Practical Leadership Actions #4: How do I empower staff and build autonomy?
We have recently developed a series of practical leadership actions responsive to major themes that have emerged through our work with over 700 Discovery in Action® (Leading People) program participants. We have observed six major themes that have consistently emerged as participants have grappled with the question: When do people perform at their best? These themes are around people feeling supported, valued and safe; creating a ‘team environment’; supporting learning and growth; empowering staff and building autonomy; ensuring clarity of roles and expectations; and creating meaning and purpose. Our participants have also articulated many practical leadership actions they take to address these issues.
Over 6 newsletters we are featuring a set of Practical Leadership Actions relating to each of these themes, generated through our exposure to on-the-ground leaders as well as various examples from blogs, articles and books. These actions are not provided as definitive or comprehensive lists, but a working set of ideas that we are sharing broadly. There is a minimum of at least 25 potential actions relating to each of these themes – so plenty of ideas that may spark your thinking and your day-to-day leadership practice!
So this month our featured practical actions are around…
How do I empower staff and build autonomy?
Many authors and researchers including Daniel Pink, David Rock and Malcolm Gladwell have all written about importance of autonomy to people’s wellbeing and performance at work. Giving people choice and a sense of control positively impacts levels of motivation. Conversely when people feel that they have a lack of control or choice it can significantly negatively affect their stress and engagement levels. So, a key task of leaders is to provide their staff and teams with a sense of feeling empowered and having control over their work. This, however, can be challenging for leaders – on the one hand they recognise these benefits, however they also deeply understand that they own the ultimate performance accountability. Leaders also understand that there are differing degrees of empowerment depending on the capabilities of their staff and inherent risks in the work being undertaken. So leaders need to find a way to exert sufficient performance ‘control’ without being ‘controlling’ – this requires a deliberate, thoughtful and consistent approach to empowering staff across the five strategies outlined below. We have created a simple one page sheet which contains 25 different ideas for action that leaders can take. These actions are organised around the following 5 overarching strategies to create an environment where people feel empowered:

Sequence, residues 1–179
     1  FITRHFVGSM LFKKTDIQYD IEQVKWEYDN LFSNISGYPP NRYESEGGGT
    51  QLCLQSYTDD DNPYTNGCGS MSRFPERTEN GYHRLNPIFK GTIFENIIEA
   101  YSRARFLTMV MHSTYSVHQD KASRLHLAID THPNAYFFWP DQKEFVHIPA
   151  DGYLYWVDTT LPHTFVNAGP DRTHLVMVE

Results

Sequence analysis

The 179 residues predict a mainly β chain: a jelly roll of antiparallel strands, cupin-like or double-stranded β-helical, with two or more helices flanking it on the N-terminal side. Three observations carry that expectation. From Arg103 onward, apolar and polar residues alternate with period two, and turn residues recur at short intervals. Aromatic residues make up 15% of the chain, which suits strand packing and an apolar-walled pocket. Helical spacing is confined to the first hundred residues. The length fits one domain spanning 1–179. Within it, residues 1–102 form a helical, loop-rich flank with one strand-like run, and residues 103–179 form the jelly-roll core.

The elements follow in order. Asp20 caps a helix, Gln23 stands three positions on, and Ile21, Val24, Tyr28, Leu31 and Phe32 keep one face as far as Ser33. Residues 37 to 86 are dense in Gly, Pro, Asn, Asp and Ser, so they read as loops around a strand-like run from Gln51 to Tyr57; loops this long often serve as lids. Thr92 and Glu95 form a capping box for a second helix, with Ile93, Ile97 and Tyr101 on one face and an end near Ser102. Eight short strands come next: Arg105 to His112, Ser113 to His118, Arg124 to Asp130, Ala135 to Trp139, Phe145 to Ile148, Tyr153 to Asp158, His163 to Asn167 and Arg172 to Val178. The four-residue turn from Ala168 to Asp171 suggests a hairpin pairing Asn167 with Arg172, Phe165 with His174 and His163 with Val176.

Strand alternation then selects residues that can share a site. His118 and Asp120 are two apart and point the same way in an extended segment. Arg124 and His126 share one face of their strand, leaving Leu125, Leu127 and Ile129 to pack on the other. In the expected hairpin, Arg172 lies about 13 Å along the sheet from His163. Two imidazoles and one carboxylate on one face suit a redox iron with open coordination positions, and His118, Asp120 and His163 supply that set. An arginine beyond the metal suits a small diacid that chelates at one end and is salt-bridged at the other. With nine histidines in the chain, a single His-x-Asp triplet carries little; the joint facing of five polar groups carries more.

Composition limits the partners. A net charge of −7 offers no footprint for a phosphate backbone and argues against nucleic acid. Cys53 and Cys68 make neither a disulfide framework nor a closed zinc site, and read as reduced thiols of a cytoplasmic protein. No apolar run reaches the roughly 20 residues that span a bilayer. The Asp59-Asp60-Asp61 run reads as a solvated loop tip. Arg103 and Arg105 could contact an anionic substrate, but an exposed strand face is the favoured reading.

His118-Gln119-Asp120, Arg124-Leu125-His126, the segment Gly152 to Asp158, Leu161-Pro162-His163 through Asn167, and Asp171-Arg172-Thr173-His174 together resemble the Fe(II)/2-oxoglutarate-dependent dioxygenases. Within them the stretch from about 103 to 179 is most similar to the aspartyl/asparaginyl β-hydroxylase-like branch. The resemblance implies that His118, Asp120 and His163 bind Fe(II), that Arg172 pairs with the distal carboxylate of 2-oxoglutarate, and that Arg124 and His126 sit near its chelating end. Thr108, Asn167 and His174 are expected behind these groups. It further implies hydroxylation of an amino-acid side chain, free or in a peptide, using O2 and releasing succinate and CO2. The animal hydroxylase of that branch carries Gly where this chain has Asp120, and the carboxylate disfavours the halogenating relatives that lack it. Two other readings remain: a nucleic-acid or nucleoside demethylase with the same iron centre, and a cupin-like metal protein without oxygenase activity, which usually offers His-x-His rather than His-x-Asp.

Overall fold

- Provide opportunities for empowerment – by actively identifying opportunities for pieces of work for which individuals or teams can be fully accountable and setting them up for success (see tips on delegation) sends a clear signal that you are valuing autonomy and creating an empowered work environment.
- Set clear boundaries – a critical discipline underpinning empowerment is leaders providing people with a clear understanding of the ‘space’ in which they have to operate and make decisions. This clarity provides the freedom they need to operate autonomously, with full confidence of the known boundaries.
- Encourage people to ‘take responsibility’ – taking responsibility is not always a social norm in organisations – in risk averse cultures there may be a tendency to push responsibility up the chain. People need to be both encouraged and supported to take off the shackles, which will result in high levels of energy and commitment. You might be inspired by this post on taking personal responsibility!
- Shore up the authorising environment – individual leaders will need to ensure support from key stakeholders outside the work area so that staff have the necessary permission and confidence to operate autonomously outside their immediate work team.
- Provide coaching and support – in an empowered environment, the leader has a role to coach people to think for themselves and discover their own way forward while also supporting them to learn from their successes and mistakes. This grows capability and confidence and drives innovation and performance.
So while there is a list of possible actions for each of these 5 strategies contained in our one-page sheet, there may be many other actions, particularly relevant in your context, that you may also identify. Of course, we’d be interested in other ideas for action that people have implemented!
This practical ideas list might be used in a variety of ways:
- Reflect and review on your practice – do I have coverage across all these strategies?
- Engage with your people – would they like to see more of some of these actions?
- Select one or two actions from the list that you’d like to experiment more with over the next few months
Good luck and let us know of any other actions we can add to our list!